Over 200 years ago a bill was passed in the House of Commons outlawing the slave trade in all parts of the British Empire. A great injustice to humanity was ended and a practice that had been around for thousands of years ceased overnight in many parts of the world. It was largely the work of one man that brought this momentous change about. His name was William Wilberforce, and he was a Christian.
Britain at the time, though a professed Christian nation, was a nation full of uncommitted believers. Many people were more concerned with the gratification of their fleshly desires rather than playing their part in bringing to earth the Kingdom of God. The Bible to some people was relegated to a book of good ideas and morals, not actually holding any direct authority in their own lives. Yet one man, who knew his God, who held the Bible as authoritative and inspiring, changed the world.
And that is what we are all called to. Christians need to realise the power of their God and the authority of His Word. To many Christians today – and especially young Christians – the Bible is not the authority in their lives that it should be. We have relegated its power, demoted truth and celebrated emotion. Sensation is the measure of faith of our fellow believer. We fight with other denominations, even squabble amongst ourselves over how we operate. We look for instant results and keep track of successes for only that week without strategising for the future or celebrating our history.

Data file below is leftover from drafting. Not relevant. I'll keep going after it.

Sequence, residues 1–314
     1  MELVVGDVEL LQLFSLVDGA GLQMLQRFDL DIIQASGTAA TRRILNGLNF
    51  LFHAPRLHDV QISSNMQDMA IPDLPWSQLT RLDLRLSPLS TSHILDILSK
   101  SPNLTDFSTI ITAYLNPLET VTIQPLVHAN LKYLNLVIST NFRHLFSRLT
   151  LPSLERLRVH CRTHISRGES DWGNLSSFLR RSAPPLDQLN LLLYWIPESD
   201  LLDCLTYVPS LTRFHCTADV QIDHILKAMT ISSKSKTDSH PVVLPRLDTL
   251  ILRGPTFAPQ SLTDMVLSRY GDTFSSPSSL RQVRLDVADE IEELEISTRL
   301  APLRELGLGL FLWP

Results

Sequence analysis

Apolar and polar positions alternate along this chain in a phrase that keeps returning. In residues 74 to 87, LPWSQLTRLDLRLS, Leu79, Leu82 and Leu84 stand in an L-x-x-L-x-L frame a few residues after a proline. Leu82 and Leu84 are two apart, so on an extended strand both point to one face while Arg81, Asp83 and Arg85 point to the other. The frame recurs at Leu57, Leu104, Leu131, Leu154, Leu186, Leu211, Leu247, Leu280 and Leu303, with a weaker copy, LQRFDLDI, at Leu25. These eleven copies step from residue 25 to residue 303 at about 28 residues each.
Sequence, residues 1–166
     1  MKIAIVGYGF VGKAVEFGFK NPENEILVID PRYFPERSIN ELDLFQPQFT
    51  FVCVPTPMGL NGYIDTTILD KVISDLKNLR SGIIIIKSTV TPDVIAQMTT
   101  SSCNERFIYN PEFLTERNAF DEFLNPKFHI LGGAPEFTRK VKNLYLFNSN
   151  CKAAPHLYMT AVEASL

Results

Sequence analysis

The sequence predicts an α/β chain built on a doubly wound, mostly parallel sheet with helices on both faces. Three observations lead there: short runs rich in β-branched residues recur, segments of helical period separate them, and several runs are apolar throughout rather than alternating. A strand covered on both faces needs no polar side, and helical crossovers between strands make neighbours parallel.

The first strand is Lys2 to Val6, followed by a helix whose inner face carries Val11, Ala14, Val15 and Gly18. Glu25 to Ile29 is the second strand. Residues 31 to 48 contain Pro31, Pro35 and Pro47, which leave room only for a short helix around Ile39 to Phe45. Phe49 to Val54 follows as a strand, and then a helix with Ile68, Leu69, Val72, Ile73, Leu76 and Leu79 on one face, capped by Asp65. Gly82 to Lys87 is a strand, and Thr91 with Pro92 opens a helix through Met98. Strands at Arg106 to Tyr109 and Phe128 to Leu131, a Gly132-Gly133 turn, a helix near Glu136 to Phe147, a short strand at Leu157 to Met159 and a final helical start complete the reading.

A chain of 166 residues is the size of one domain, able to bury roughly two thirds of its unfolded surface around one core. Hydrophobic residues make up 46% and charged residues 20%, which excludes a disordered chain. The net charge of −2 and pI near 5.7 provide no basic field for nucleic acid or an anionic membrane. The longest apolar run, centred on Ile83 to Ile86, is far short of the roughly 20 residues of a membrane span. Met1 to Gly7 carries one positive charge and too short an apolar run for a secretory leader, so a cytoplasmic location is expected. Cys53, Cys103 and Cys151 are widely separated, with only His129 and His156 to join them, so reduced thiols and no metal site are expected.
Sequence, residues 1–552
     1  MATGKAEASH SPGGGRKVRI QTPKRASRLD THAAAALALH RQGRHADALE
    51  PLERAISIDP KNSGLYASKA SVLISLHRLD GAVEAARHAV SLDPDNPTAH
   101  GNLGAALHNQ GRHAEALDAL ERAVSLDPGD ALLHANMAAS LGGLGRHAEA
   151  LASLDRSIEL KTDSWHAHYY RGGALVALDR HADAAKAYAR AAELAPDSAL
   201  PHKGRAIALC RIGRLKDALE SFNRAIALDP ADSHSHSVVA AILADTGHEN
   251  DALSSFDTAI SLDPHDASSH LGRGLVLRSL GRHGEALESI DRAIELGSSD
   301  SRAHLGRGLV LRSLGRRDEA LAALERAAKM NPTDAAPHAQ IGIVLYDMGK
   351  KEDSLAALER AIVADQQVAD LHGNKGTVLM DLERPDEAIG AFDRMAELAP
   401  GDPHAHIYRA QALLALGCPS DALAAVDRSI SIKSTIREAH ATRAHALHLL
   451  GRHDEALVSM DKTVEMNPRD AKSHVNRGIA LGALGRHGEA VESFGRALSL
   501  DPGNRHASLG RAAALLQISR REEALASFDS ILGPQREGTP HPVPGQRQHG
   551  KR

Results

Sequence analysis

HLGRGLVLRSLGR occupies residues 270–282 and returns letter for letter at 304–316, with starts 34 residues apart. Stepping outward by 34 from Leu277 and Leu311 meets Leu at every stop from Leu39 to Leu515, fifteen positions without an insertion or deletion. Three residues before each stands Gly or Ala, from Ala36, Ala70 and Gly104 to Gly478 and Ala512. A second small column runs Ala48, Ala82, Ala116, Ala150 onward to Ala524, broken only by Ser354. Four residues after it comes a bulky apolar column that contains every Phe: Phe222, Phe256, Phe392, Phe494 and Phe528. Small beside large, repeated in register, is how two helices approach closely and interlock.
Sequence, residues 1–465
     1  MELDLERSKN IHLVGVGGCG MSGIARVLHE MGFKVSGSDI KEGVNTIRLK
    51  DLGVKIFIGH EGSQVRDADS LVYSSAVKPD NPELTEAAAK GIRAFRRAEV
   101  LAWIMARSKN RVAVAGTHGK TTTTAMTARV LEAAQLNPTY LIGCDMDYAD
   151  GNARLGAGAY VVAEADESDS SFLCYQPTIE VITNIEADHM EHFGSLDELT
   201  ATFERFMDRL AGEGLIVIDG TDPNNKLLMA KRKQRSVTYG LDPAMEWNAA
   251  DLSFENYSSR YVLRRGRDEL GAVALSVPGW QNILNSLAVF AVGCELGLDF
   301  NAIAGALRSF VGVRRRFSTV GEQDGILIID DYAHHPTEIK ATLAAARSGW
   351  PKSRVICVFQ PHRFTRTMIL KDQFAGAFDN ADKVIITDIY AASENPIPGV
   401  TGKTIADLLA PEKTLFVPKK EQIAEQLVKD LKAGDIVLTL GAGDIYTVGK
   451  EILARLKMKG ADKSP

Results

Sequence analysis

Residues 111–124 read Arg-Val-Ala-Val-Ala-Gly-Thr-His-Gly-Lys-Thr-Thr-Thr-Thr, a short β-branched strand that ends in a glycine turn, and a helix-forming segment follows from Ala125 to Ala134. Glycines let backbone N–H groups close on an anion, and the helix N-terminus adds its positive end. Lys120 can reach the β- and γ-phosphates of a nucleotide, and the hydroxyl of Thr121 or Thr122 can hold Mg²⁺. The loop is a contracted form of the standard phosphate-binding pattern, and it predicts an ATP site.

There are many injustices in the world today. There are still people being sold into slavery. There are governments abusing their citizens and there are many people dying of starvation. The church will be able to do nothing about these things unless we get over ourselves and get out of watered-down, hyped up, good looking, microwave societal, flashy, giddy, day-care centres and realise that what we are sitting on is dynamite. The word of God has the power to change lives, societies, countries and the world. William Wilberforce knew the authority of the Scripture and acted upon it, will we?
But a word of warning to those seeking instant results. The truth of our calling is not measured by the progress we can observe in a week, a month, a year, a decade or indeed, a lifetime. We may never see the fruit of our labour in whatever area we are called to, but then again, we have no entitlement to it. When we acknowledge that all glory belongs to God, then truly we are free to labour tirelessly for those holy callings he has given us with all of the strength he has given us.
nb. This is a revised copy of a previous post.